Events

This content is provided by our sponsor. It is not written by and does not necessarily reflect the views of Education Week's editorial staff.
Sponsor
Teaching Webinar
What’s Next for Teaching and Learning? Key Trends for the New School Year
The past 18 months changed the face of education forever, leaving teachers, students, and families to adapt to unprecedented challenges in teaching and learning. As we enter the third school year affected by the pandemic—and
Content provided by Instructure
This content is provided by our sponsor. It is not written by and does not necessarily reflect the views of Education Week's editorial staff.
Sponsor
Curriculum Webinar
How Data and Digital Curriculum Can Drive Personalized Instruction
As we return from an abnormal year, it’s an educator’s top priority to make sure the lessons learned under adversity positively impact students during the new school year. Digital curriculum has emerged from the pandemic
Content provided by Kiddom
This content is provided by our sponsor. It is not written by and does not necessarily reflect the views of Education Week's editorial staff.
Sponsor
Equity & Diversity Webinar
Leadership for Racial Equity in Schools and Beyond
While the COVID-19 pandemic continues to reveal systemic racial disparities in educational opportunity, there are revelations to which we can and must respond. Through conscientious efforts, using an intentional focus on race, school leaders can
Content provided by Corwin

EdWeek Top School Jobs

Teacher Jobs
Search over ten thousand teaching jobs nationwide — elementary, middle, high school and more.
View Jobs
Principal Jobs
Find hundreds of jobs for principals, assistant principals, and other school leadership roles.
View Jobs
Administrator Jobs
Over a thousand district-level jobs: superintendents, directors, more.
View Jobs
Support Staff Jobs
Search thousands of jobs, from paraprofessionals to counselors and more.
View Jobs

Read Next

Federal Pandemic Tests Limits of Cardona's Collaborative Approach as Education Secretary
He's sought the image of a veteran educator among former peers, but COVID has forced him to take a tough stance toward some state leaders.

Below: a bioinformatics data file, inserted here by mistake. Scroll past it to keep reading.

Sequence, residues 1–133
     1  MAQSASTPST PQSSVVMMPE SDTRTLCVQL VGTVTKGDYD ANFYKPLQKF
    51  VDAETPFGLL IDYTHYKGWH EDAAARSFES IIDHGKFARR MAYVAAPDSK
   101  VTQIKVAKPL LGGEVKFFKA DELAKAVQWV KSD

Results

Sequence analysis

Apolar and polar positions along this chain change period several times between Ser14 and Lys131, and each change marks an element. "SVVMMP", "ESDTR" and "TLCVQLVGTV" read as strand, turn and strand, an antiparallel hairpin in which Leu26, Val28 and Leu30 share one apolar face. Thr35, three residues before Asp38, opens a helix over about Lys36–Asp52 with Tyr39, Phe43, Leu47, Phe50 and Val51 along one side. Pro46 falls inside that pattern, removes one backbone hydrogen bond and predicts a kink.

10 min read
Education Secretary Miguel Cardona and Schools Chancellor Meisha Porter speak to Mia Arias, 10, during their visit to P.S. 5 Port Morris, a Bronx elementary school, Tuesday, Aug. 17, 2021 in New York.
U.S. Secretary of Education Miguel Cardona and Schools Chancellor Meisha Porter speak to Mia Arias, 10, during a visit to P.S. 5 Port Morris, a Bronx elementary school, last month.
Brittainy Newman/AP
Federal White House Launches Hispanic Education Initiative Led by Miguel Cardona
President Joe Biden said his administration intends to address the "systemic causes" of educational disparities faced by Hispanic students.
2 min read
Education Secretary Miguel Cardona writes down and draws positive affirmations on poster board with students during his visit to P.S. 5 Port Morris, a Bronx elementary school, Tuesday, Aug. 17, 2021 in New York.
U.S. Secretary of Education Miguel Cardona visits students in New York City at P.S. 5 Port Morris, a Bronx elementary school in the Bronx last month.
Brittainy Newman/AP
Federal Feds Add Florida to List of States Under Investigation Over Restrictions on Mask Mandates
The Education Department told the state Sept. 10 it will probe whether its mask rule is violating the rights of students with disabilities.
3 min read
Surrounded by lawmakers, Florida Gov.Ron DeSantis speaks at the end of a legislative session on April 30, 2021, in Tallahassee, Fla.
Surrounded by lawmakers, Florida Gov.Ron DeSantis speaks at the end of a legislative session on April 30, 2021, in Tallahassee, Fla.
Wilfredo Lee/AP
Federal How Biden Will Mandate Teacher Vaccines, Testing in Some States That Don't Require Them
President Joe Biden's COVID-19 plan will create new teacher vaccination and testing requirements in some states through worker safety rules.
4 min read
Nurse Sara Muela, left, administers the Johnson & Johnson COVID-19 vaccine to educator Rebecca Titus at a vaccination site setup for teachers and school staff at the Berks County Intermediate Unit in Reading, Pa., on March 15, 2021.
Nurse Sara Muela administers a COVID-19 vaccine to educator Rebecca Titus at a vaccination site for at the Berks County Intermediate Unit in Reading, Pa.
Matt Rourke/AP